It’s 12:15 am, I am in a dark room
my mind racing and
the panic is rising out of nowhere.
Shallow and slow,
I can’t catch my breath.
It happens, every night, this night— the next.
Restlessness. A feeling of unease.
“I can’t do this,” I think.
A tingling feeling engulfs my hands,
numbness consumes my body.
I pace, take a drink of water—
then begin to pace again.
I must stay inside, “no— I can’t.”
I must go outside, “no— you can’t.”
“Fight this feeling! Please!” A different part says.
“You will never win this fight,” the anxiety answers.
My mind races faster this time, I’m running out of breath.
Helplessness, I am no longer in control of my body.
I overthink. “I am going to die!”
“Please stop! You must fight,” my heart and brain say.
Then again, I over think! And again.
My mind overthinks, “is this my life?”
I feel as if I am under water trying to catch my breath,
to be the person I was before I started to drown.
Sleep, it would be divine. I reach
for this tiny white pill. It is in my hand.
God, I want to sleep
so much to do tomorrow.
The weight of my school obligations crush me.
Finally, in control— again.
Anxiety, why do you control me so?
It’s over for now, but
tomorrow is another day.
Last Saturday, I held a “mental health discussion” on Zoom. I consider it a success as there were many questions and great dialogue within a small group. I will be writing about this experience later this week, and on Saturday, I will be hosting another Zoom get together. One of the topics that came up was Cognitive Behavioral Therapy (CBT), and I wanted to share one of the chapters in my memoir The Bipolar Writer: A Memoir about learning Mood Induction therapy, which has served me well as a part of my CBT training. Mood Induction is a small part of the process, but for me, it is one of my favorites. I am in no way a professionally licensed therapist, and this chapter from experience only.
I promised one the participants that I would share this as a stepping stone for them to research CBT.
Chapter Thirty-Two: My CBT Journey – Mood Induction
SINCE SUMMER 2017, I have been working on Cognitive Behavioral Therapy. My therapist introduced it to me after a bad stretch of anxiety and social anxiety from January to March. My goal was to work on ways to fight anxiety without Ativan. I have learned a few techniques over the course of the summer and I want to share what has worked. One of the goals that I set out to achieve is to give advice about things that have helped me along my journey.
CBT is the practice of developing personal managing strategies that help solve problems. The point is helping to change negative thought patterns in positive ways. The outcome is working on what is wrong with your thoughts. I have used CBT only for anxiety. I have known people who have used it for other mental illness issues, like depression.
Mood induction has been helpful for me as I work toward my goal of conquering my ongoing battle with social anxiety. Different experts go about using mood induction techniques with music in different ways. I am by no means an expert, but rather I will share what my own therapist gave me in the form of steps. Music has always been a great coping tool that I have used over the years, so it was exciting to work on this technique.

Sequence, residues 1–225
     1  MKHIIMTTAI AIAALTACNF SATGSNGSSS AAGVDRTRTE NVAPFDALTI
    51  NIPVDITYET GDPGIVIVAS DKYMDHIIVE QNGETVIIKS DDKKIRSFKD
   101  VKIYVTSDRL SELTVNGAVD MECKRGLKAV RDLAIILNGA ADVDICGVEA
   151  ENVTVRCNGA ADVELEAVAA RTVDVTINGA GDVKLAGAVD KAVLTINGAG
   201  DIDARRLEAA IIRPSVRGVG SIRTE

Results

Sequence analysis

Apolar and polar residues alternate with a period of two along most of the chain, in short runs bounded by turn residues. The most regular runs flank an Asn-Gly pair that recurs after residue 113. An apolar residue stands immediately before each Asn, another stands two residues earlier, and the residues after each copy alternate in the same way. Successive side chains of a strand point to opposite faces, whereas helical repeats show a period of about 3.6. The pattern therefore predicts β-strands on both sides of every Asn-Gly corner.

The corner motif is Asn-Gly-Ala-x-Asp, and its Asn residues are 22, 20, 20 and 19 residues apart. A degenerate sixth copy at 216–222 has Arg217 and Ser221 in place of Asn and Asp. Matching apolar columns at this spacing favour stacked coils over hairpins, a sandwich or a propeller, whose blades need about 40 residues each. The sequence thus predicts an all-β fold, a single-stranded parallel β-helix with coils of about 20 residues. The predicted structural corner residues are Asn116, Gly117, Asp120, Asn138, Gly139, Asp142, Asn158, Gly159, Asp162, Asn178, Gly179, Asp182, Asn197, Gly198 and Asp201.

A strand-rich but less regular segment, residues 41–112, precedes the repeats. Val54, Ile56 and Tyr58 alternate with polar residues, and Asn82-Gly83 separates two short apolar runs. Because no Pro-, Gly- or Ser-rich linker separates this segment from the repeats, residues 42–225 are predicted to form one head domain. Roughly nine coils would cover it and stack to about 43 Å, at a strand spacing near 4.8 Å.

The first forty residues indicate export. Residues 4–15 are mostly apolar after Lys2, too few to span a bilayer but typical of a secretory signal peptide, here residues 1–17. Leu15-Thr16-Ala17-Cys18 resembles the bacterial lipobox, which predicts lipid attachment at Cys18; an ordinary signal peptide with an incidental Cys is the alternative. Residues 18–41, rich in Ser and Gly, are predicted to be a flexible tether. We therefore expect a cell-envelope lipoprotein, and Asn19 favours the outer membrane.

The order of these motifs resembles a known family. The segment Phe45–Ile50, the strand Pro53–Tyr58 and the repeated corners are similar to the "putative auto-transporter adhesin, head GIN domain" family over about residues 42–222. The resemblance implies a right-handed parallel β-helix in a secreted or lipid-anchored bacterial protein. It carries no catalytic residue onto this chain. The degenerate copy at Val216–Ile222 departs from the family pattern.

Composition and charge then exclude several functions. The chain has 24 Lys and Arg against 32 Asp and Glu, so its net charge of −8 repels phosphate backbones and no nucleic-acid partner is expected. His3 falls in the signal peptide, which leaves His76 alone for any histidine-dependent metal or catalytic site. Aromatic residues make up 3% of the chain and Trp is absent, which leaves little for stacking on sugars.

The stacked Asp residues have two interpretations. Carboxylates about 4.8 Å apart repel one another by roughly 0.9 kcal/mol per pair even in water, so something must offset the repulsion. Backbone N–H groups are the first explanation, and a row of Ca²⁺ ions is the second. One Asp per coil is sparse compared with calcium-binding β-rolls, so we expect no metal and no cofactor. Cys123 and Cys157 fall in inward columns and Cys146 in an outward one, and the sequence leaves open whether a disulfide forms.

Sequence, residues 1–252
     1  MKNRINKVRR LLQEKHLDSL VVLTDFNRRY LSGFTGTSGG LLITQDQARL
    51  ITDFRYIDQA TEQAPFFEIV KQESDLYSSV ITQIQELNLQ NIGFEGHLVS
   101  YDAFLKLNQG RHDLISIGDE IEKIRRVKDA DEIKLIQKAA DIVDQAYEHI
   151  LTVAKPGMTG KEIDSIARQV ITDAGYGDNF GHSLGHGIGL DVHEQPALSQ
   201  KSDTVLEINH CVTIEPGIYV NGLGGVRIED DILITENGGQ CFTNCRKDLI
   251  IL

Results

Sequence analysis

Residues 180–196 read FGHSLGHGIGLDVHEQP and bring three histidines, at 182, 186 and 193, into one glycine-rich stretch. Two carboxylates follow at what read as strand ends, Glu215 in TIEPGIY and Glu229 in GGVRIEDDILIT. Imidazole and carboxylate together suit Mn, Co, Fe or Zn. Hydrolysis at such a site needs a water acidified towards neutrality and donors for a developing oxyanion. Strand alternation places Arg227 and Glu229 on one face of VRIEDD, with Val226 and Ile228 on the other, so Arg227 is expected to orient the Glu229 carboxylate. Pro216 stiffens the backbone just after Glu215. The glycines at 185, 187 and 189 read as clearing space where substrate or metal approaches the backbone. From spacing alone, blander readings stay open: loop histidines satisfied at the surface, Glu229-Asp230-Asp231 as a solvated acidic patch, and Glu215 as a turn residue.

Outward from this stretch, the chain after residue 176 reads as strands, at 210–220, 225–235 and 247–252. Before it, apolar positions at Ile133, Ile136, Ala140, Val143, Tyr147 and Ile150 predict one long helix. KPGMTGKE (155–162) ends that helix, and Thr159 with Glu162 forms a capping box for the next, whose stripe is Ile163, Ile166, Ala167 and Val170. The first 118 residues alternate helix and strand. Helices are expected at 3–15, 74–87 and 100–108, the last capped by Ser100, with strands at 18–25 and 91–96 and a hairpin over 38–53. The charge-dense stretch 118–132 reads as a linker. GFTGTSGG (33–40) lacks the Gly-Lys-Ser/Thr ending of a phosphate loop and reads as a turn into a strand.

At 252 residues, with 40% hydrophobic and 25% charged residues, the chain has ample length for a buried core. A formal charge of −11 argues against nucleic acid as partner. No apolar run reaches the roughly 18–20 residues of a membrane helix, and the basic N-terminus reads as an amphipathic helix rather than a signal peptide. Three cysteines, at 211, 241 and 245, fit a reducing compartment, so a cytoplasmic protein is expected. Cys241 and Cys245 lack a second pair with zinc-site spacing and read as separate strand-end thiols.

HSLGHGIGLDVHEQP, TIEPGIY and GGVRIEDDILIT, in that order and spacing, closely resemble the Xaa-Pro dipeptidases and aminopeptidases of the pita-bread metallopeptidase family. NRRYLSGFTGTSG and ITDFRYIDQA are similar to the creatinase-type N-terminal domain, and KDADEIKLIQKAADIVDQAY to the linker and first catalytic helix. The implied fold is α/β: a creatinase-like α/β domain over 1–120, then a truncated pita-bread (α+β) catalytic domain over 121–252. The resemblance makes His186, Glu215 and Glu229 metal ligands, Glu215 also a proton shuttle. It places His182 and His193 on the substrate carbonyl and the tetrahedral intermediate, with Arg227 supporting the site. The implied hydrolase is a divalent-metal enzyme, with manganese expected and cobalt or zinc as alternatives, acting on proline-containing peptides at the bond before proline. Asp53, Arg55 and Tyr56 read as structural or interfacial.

The first step is simple, the initial response step. First, find some music to listen to that will evoke emotion while you listen. It might be helpful to rate your mood before you listen to the song. Focus on the song and what it brings out in your thoughts and emotions. Then write down the emotional responses that you first felt (like happy, sad, or frustrated.)
The second step in the mood induction process is the intensity of emotional response. This step is your determination of how strongly you felt the emotions in the first step. Using a scale of 1-10, you rate how much emotion came when listening to the chosen song.
The third step, reaction to emotional response, is perhaps the most important of the steps. This step breaks down into important steps:
Describe your thoughts: This is simple. What thoughts came to your mind while listening to the song?
Describe your sensations or feelings. Did your heart rate increase while listening to the song? Here you talk about any feelings and sensations.
Describe your behaviors while listening to the song. Did you fidget, pace, or sigh?
This step is important to the process because it is here that you analyze your thoughts and behaviors, which is helpful in real life. You take a moment in time, listening to a song, and you range your emotional response. From there, you can focus on what these thoughts mean to you. It also helps find the meaning behind such emotional responses. In my experience, it helps to choose a song that brings out a strong emotional response.
I use an Excel spreadsheet to help log my breakdown. Here is what a complete breakdown was like for me:
Song Choice: Nineteen Stars, Meg and Dia.
Emotional Response: Relieved, happy, good.
Rate Response: 8
Thoughts: Meaningful, it reminds me of the journey that I have been on. Where I was ten years ago to now. I want to be a part of this world now. What this song meant to me in 2007.
Sensations/Feelings: Heart rate increased.
Behaviors: Fidgeting and moving my legs up and down while sitting at my computer.
The responses and emotions are different for each person and the results will of course vary. I have used this on hundreds of songs. I used an excel worksheet to break down each section.